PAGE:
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Potty Training Tips

Potty Training 101

by Jane Nelsen, Ed.D.
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When parents say, "I'm training my child to use the toilet," what they really mean is, "I'm training myself to remind my child to use the toilet." Unfortunately, this often turns into a power struggle, with parents saying, "You will," and children saying, "I won't. You can't make me." Parents use all kinds of tricks to win the potty training battle: treats, pleading, lectures, threats, and even punishment.

Although children naturally want to do what "big" people do, not every child is ready for potty training at the same time. Moreover, if parents push too early, training is likely to backfire, producing unwanted behaviors. Some children use it to get undue attention from their parents. Some turn it into a battleground to prove who is boss. Less assertive children can develop a sense of self-doubt or shame.

Many parents feel inadequate -- especially when they hear other parents brag about how early their children were potty trained. So, why do some children learn to use the toilet earlier than others? Does it really need to be said that children have different developmental timetables? Some kids begin to speak at 12 months; others at two years or older. One child I know didn't say a word until she was two-and-a-half, then spoke in full sentences and grew up to become valedictorian of her high school class! So it is with toilet training. Kids progress at their own pace.

The basic lesson of Potty Training 101 is for parents to relax. Wait until the summer after your child is 2 ½. Take the potty seat into the back yard (or into a blocked-off kitchen area where messes can easily be cleaned up). Bring along a good book and a comfortable chair for yourself and let your child run naked. Then read your book and observe your child at play. When you see her start to pee or poop, gently lead her to the potty chair. If she doesn't make it in time, kindly and firmly involve her in cleaning up the mess. The less fuss you make, the more interested she will become in the potty chair. There will still be accidents, but stick with it. Many children are trained within a week using this method.

Of course, there's more than one way to accomplish potty training. I know of one father who painted a bull's eye in the bottom of the toilet bowl. His son could hardly wait to try to hit the target! Other parents prefer to seek out a preschool that is willing to handle potty training. These facilities are equipped with small toilets and children learn quickly by watching other children.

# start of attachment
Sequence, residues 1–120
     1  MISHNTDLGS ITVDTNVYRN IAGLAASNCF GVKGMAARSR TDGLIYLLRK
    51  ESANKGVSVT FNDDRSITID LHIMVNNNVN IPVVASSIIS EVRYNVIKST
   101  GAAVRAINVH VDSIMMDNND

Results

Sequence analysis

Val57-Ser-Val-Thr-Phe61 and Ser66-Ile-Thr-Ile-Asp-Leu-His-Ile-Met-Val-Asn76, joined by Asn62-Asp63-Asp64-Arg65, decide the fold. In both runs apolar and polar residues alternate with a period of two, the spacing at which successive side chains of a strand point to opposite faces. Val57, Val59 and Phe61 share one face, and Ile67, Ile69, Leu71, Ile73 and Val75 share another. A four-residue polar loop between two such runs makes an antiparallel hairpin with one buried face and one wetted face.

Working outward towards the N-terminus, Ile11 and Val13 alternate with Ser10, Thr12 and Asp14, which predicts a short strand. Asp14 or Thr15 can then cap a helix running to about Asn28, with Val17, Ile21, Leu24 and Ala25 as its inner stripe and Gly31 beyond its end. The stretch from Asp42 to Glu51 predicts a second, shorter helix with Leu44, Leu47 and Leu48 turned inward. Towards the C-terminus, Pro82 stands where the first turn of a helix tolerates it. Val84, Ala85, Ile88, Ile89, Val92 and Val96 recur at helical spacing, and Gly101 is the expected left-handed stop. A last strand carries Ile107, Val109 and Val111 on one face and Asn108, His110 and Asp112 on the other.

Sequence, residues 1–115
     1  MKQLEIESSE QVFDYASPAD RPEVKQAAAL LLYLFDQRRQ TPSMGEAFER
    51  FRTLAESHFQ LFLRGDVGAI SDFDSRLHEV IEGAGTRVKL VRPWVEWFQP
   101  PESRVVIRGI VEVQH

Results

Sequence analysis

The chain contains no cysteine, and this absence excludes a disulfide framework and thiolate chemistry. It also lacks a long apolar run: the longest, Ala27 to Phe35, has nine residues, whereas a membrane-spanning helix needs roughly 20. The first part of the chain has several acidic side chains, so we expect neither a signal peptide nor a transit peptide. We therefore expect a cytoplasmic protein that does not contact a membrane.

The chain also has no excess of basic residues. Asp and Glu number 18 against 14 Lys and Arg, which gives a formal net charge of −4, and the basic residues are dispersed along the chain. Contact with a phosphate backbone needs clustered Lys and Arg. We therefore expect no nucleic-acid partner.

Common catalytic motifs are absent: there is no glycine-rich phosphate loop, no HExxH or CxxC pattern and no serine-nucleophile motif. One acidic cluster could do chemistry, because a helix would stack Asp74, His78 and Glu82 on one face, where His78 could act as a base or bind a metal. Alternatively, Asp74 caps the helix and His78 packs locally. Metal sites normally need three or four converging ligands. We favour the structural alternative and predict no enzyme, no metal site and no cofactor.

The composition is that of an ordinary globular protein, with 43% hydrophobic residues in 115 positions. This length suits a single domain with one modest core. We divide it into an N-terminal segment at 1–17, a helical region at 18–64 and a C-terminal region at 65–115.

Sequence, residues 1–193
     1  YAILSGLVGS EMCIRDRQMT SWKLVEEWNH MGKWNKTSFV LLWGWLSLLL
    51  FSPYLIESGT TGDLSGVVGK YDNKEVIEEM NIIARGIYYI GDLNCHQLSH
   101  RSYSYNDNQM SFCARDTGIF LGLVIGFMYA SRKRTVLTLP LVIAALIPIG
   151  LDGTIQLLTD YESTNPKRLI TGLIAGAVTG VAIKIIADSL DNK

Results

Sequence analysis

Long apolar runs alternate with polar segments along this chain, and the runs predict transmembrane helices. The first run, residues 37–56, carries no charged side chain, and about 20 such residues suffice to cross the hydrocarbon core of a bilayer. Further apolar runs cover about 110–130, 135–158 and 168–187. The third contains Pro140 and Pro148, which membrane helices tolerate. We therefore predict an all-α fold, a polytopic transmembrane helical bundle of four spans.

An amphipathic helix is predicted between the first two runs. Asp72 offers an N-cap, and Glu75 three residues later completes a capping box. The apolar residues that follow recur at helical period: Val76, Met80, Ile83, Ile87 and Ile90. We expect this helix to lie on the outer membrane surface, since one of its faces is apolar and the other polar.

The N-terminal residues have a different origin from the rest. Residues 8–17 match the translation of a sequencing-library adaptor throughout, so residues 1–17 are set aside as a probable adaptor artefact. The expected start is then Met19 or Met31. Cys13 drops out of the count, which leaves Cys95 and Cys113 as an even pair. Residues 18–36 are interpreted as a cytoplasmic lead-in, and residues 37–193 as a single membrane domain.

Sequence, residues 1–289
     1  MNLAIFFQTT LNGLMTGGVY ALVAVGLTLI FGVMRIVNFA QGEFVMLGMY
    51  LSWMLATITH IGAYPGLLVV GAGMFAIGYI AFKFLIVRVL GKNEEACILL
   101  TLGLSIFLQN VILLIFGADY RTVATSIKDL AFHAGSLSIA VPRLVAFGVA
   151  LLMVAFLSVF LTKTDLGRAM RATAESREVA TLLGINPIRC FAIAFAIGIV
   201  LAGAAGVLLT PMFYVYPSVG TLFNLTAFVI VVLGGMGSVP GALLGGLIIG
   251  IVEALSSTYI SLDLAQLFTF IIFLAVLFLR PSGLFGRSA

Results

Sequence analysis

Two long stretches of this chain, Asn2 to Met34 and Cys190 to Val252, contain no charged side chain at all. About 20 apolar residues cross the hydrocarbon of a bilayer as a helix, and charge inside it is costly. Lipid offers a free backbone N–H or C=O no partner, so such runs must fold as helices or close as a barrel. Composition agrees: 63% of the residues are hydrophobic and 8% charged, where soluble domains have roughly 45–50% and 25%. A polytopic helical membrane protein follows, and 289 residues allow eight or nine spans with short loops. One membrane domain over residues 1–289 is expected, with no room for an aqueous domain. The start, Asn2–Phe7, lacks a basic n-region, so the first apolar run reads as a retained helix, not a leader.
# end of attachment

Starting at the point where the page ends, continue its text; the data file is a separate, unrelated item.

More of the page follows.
Keep in mind, material rewards for potty training often invite power struggles. If a child expects to be rewarded for each "performance," pretty soon he won't perform without the reward. Better to allow him to experience the good feeling of accomplishment that comes from the new skill he is learning. (Note: If your child is not toilet trained by the time he is three years old, be sure to get a doctor's evaluation to determine if there is a physical problem. If there is no physical problem, you are probably involved in a power struggle. Guess who will win!)

Stop nagging. Teach your child how to change his own clothes. When an accident occurs, gently take her to her bedroom to find new clothes. Then lead her to the bathroom and ask if she would like to change alone or with you there to keep her company. Be firm! Do NOT do it for her.

The key to successful potty training is patience and consistency. No matter how challenging the process may seem, success will come eventually. I urge parents to stay positive and, above all, to maintain a sense of humor. After all, it is highly unlikely that your little darling will be starting college in diapers! Relax and enjoy your child!  
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Meet Our Expert
Jane Nelsen, Ed.D.
Family and Child Therapist
Dr. Jane Nelsen is a California licensed Marriage and Family Therapist and author or co-author of 18 books, including Positive Discipline, Raising Self-Reliant Children in a Self-Indulgent World, and 12 other books in the Positive Discipline Series, among others. She earned her Ed.D. from the University of San Francisco, but her formal training has been secondary to her hands-on training as the mother of seven and grandmother of 20. She now shares this wealth of knowledge and experience as a popular keynote speaker and workshop leader throughout the country.

Dr. Nelsen has also appeared on numerous radio and TV shows, including Oprah, Sally Jessy Raphael, and Twin Cities Live and is frequently quoted in parenting magazines.
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